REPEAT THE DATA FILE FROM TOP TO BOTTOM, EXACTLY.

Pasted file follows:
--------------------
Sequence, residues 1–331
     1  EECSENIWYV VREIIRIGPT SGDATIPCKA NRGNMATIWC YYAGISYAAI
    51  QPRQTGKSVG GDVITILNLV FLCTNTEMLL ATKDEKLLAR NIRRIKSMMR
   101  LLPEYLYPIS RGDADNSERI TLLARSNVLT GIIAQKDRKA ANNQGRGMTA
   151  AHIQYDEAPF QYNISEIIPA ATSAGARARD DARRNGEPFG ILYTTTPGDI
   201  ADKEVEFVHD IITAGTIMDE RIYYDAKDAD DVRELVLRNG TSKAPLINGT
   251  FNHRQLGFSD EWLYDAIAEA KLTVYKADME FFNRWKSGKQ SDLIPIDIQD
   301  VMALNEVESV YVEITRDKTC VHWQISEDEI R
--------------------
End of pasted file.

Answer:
Sequence, residues 1–331
     1  EECSENIWYV VREIIRIGPT SGDATIPCKA NRGNMATIWC YYAGISYAAI
    51  QPRQTGKSVG GDVITILNLV FLCTNTEMLL ATKDEKLLAR NIRRIKSMMR
   101  LLPEYLYPIS RGDADNSERI TLLARSNVLT GIIAQKDRKA ANNQGRGMTA
   151  AHIQYDEAPF QYNISEIIPA ATSAGARARD DARRNGEPFG ILYTTTPGDI
   201  ADKEVEFVHD IITAGTIMDE RIYYDAKDAD DVRELVLRNG TSKAPLINGT
   251  FNHRQLGFSD EWLYDAIAEA KLTVYKADME FFNRWKSGKQ SDLIPIDIQD
   301  VMALNEVESV YVEITRDKTC VHWQISEDEI R